Nov. 10, 2021 — Air pollution from traffic can accumulate where buildings line city roads, creating the effect of a polluted urban canyon. But new research suggests that shrubs along streets could buffer against exposure for pedestrians and cyclists. But the trick is determining the best place to put the hedge.
Researchers in the United Kingdom used instruments to measure particulate matter in the air at 13 areas around a hedge along Du Cane Road, near White City in West London. The hedge runs along the sidewalk between the road and residential apartment buildings.
After collecting daily readings for almost 7 weeks in late summer of 2020, the investigators mapped concentrations of particulate matter relative to the hedge. They found that the concentration of polluting particles was lower at a height of 1 to 1.7 meters (39.4 to about 67 inches) in front of the hedge, where many pedestrians and cyclists would be breathing.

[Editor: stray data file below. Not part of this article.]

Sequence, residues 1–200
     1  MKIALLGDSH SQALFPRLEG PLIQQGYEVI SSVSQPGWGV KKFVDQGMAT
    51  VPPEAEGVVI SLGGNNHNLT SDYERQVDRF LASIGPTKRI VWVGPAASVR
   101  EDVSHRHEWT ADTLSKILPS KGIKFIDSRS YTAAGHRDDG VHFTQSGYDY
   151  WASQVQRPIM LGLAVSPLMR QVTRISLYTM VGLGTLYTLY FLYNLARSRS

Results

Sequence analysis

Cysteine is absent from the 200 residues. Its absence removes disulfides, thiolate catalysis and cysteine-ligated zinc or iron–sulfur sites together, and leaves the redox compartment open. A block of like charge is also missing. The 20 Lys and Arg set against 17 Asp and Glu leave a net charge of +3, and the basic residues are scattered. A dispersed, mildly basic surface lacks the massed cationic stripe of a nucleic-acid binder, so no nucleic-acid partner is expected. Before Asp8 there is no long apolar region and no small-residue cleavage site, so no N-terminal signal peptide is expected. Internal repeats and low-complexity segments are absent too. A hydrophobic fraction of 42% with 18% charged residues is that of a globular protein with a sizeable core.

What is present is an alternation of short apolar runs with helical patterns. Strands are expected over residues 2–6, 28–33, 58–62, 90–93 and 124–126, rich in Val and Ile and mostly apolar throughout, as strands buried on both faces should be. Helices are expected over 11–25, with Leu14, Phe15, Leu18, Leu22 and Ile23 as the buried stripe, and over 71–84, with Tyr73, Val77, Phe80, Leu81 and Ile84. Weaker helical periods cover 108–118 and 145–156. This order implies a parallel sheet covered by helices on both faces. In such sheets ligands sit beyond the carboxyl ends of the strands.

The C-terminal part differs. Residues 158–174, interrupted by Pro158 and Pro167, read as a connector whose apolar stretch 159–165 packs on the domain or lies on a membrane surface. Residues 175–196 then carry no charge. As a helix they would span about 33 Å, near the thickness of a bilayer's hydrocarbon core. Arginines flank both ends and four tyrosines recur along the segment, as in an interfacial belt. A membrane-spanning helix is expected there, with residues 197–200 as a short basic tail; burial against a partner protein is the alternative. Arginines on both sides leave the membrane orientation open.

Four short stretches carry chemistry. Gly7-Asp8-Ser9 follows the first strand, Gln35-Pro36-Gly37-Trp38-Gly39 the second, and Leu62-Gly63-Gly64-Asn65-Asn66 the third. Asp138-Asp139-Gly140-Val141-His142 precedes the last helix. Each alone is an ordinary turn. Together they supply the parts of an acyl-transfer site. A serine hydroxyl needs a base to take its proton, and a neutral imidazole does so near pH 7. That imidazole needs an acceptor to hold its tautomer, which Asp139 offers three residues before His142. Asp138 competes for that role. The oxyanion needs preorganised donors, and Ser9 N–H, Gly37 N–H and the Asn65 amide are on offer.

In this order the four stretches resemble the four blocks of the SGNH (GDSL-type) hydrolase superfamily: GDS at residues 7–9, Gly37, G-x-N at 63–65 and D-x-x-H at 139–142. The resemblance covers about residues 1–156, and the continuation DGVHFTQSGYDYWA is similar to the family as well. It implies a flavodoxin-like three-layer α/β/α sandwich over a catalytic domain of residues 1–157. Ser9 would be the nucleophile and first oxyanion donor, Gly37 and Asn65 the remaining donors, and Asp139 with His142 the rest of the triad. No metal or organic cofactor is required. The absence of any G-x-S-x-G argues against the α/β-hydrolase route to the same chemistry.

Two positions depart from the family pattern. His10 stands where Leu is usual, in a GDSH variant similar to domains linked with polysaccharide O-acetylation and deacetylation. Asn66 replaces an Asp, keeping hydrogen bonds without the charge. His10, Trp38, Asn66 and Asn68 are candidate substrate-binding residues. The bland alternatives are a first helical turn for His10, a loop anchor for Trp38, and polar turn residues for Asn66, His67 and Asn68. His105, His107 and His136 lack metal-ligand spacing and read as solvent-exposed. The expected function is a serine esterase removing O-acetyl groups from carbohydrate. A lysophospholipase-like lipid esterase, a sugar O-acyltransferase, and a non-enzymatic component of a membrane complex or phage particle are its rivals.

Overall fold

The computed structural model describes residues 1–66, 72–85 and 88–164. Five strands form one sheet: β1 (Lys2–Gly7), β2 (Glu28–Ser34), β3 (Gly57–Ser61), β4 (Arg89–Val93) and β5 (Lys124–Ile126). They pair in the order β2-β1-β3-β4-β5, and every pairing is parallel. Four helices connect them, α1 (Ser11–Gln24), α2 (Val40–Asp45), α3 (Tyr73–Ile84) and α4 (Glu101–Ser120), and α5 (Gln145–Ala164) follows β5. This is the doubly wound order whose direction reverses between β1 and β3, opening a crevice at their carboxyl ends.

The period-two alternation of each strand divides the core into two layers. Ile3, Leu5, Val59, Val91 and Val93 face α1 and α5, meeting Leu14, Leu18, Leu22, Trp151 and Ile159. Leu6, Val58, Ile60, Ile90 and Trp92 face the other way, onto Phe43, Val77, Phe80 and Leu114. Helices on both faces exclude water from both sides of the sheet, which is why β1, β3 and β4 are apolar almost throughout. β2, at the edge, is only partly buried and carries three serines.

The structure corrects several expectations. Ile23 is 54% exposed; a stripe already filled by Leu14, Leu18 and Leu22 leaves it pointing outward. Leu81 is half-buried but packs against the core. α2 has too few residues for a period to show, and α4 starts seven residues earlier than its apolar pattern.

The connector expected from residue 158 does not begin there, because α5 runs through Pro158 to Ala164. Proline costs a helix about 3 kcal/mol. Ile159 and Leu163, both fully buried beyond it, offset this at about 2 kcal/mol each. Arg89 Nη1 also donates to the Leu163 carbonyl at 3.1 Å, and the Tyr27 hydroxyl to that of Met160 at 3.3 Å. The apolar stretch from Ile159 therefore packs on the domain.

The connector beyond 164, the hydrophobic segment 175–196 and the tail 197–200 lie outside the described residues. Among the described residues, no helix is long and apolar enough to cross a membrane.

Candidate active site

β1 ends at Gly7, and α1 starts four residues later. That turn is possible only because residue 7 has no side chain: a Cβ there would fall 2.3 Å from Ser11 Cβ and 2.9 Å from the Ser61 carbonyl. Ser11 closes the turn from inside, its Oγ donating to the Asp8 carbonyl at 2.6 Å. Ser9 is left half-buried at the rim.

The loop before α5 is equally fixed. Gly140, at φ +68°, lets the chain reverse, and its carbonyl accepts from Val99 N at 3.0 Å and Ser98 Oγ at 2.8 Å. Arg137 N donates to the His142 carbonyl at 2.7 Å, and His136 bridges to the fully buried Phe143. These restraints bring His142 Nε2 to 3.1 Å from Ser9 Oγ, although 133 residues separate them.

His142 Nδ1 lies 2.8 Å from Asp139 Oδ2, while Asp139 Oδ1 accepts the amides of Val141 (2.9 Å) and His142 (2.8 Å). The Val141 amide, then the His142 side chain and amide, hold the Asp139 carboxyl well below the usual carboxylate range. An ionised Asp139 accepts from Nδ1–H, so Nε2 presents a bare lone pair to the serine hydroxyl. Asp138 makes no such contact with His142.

But wind direction affected where pollution accumulated around the hedge, with higher levels in some areas behind the roadside greenery. The researchers, whose work was published in Environment International, speculate that other nonhedge vegetation nearby might trap pollution.
For city planners, the implication may be that planting greenery at random even with the best of intentions, risks worsening air pollution in some areas. Local weather patterns, street and building layout, and surrounding areas are all likely factors in determining best hedge placement for air pollution mitigation.